- The Magazine
In adapting Hillary Jordan’s 2008 prize-winning novel Mudbound for the screen, Dee Rees has created a timeless piece of cinematic art. Her third feature-length film — following the semi-autobiographical debut Pariah, and the Queen Latifah HBO biopic Bessie — Mudbound (★★★★) depicts a gripping WWII-era story, beautifully shot and acted, of lives intertwined in struggle on an unruly patch of Mississippi farmland.
The McAllans, who are white, own the land. The Jacksons, who are black, go from tenant farming to sharecropping on the land, as both families send a cherished son or brother off to fight in Europe. The wars at home, against the sun and rain, against death, deprivation, Jim Crow and the Klan, epitomize the hardscrabble Mississippi of Faulkner novels and Nina Simone songs.
The language is rapturous, whether one of the narrators is pondering the distinction between a man’s deeds and a deed, or explaining the difference between a heap of dirt and a piece of land. Equally rich are cinematographer Rachel Morrison’s finely textured compositions — the rain pours, blood spills, and every color and movement resonates.
Most resounding are the indelible characters created by a wonderful cast, including Jason Clarke as the determined farmer Henry McAllan, Carey Mulligan as his educated wife Laura, and Garrett Hedlund as his dashing airman brother, Jamie. Rob Morgan is the devoted Jackson patriarch Hap with singer Mary J. Blige as his steely wife Florence, and Jason Mitchell their self-assured soldier son, Ronsel.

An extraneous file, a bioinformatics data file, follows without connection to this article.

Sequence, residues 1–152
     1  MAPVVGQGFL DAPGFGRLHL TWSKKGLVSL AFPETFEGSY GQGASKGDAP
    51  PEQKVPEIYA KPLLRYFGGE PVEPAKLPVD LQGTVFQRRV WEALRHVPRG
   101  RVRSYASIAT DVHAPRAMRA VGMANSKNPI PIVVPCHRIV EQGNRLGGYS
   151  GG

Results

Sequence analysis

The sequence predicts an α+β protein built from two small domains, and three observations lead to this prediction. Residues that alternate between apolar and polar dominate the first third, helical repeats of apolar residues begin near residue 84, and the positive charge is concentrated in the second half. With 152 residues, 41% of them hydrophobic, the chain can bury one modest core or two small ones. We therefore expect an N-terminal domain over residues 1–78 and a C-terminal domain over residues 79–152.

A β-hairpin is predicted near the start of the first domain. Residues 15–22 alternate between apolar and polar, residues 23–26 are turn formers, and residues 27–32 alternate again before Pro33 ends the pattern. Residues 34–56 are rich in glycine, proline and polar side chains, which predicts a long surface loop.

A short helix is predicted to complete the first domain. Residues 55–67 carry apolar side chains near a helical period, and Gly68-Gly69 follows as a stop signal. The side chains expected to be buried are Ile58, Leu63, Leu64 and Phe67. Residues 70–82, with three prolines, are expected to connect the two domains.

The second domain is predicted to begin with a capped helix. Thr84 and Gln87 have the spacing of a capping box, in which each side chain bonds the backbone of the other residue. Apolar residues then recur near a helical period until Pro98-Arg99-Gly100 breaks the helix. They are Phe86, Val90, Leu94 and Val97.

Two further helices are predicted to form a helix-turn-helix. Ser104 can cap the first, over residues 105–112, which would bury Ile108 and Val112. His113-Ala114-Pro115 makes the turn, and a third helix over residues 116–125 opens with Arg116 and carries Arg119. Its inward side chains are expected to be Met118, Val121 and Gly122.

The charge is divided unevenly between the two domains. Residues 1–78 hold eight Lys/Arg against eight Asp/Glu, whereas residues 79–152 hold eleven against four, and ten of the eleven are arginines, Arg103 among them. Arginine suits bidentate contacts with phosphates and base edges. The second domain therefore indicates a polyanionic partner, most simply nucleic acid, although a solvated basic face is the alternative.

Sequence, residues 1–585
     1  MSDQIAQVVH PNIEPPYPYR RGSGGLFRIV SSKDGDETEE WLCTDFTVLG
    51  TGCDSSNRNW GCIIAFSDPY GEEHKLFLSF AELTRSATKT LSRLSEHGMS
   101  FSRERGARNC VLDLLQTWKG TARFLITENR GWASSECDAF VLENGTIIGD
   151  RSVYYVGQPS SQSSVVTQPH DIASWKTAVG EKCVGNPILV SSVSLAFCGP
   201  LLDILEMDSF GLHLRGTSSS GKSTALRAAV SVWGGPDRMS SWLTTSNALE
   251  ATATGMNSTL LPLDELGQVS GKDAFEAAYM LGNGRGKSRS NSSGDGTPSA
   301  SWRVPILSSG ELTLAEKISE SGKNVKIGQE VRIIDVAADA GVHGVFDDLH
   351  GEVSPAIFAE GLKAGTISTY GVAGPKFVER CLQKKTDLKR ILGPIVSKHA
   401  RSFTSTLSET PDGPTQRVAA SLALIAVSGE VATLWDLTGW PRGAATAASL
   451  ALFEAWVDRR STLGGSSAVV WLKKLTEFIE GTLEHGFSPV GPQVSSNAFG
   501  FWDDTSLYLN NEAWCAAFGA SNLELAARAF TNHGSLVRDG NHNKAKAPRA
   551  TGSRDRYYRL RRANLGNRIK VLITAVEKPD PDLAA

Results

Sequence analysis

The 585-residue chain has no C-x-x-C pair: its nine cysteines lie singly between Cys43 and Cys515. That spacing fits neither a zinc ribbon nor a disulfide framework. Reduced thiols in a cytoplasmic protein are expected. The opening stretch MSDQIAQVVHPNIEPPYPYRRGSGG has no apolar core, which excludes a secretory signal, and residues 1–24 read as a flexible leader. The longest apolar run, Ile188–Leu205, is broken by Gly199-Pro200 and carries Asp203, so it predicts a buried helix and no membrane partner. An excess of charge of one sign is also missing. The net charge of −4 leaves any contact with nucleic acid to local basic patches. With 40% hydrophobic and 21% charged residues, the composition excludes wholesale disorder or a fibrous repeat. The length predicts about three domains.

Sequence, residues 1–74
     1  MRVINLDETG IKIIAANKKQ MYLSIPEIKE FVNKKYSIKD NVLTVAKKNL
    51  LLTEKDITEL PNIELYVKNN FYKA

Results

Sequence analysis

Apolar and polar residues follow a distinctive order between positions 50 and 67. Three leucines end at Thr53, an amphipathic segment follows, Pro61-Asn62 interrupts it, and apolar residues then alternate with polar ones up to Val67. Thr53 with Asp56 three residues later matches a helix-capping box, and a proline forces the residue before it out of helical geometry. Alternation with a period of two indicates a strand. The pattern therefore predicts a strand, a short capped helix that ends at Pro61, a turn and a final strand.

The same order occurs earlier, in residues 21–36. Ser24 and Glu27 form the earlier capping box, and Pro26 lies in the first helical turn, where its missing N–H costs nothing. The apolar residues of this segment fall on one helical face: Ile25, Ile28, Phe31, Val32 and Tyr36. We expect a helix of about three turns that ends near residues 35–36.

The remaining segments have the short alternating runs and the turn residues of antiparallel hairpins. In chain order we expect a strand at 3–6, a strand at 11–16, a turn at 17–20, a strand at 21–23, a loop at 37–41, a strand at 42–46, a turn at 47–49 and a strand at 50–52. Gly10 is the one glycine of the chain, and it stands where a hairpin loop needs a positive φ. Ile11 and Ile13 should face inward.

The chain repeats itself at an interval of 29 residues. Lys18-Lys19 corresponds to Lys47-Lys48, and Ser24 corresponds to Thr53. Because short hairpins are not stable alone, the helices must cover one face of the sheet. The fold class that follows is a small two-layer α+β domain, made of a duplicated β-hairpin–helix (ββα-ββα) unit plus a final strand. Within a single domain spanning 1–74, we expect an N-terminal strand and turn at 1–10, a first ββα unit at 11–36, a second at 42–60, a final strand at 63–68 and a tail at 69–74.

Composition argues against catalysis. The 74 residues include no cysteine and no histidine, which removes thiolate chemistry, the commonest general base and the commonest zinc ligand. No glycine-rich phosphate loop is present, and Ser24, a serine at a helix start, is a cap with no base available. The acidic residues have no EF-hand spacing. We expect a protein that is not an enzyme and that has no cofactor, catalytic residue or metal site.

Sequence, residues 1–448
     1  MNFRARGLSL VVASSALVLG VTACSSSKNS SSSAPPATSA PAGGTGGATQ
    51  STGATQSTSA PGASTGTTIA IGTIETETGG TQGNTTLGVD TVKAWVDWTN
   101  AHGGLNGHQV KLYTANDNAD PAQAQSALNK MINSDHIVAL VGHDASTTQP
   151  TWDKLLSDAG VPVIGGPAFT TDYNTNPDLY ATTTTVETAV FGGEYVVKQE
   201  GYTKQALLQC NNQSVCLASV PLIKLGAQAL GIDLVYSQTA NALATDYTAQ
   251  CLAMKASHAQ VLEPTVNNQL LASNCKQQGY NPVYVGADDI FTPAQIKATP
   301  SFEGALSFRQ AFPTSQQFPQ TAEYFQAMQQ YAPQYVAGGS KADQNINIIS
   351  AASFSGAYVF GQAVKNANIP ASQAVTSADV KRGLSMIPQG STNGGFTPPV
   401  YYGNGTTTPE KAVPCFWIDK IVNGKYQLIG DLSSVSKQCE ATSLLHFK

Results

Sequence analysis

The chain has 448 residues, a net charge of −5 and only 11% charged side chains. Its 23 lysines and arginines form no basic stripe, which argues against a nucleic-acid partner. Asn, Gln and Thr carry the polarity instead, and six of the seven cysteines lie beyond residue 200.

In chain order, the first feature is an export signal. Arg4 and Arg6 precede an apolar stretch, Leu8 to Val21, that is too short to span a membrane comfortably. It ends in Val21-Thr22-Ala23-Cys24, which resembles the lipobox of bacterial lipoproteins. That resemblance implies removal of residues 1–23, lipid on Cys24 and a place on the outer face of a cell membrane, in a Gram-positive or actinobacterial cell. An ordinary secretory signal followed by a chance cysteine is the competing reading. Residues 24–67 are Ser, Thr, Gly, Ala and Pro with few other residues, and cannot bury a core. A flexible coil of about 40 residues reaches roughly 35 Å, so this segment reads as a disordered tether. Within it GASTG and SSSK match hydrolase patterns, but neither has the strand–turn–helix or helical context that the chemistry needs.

Known more for bringing the drama with her hip-hop-infused R&B, Blige succeeds with subtlety as Florence, who says plenty with forceful silence. The simmering drama is supplied by Mulligan’s antsy Laura and her kindred spirit brother-in-law, Jamie. Something will ignite between them — does immediately ignite between them — and Rees doesn’t mind if the audience sees the danger coming.
Some hazards can’t be avoided, just as doom surely awaits Ronsel, who returns from the war ready to demand that he be treated like a man, even in 1940s Mississippi. His confidence invites danger, and danger lurks like a foul, wounded beast around the McAllan farm, in the form of Henry and Jamie’s hate-filled father, “Pappy.”
There’s not much subtlety to Pappy’s contempt for the Jacksons and all black people, nor is there to Jonathan Banks’s performance as the irascible bigot. Nevertheless, Pappy does tell his brand of the truth, and he speaks for a generation whose ignorance this nation still struggles to bury under the footsteps of progress.
With an ending that deviates slightly, but significantly, from the novel, Rees chooses hope over utter calamity. And her moving film does its part to bury those bones a little deeper.
Mudbound is rated R, and currently is streaming on Netflix.
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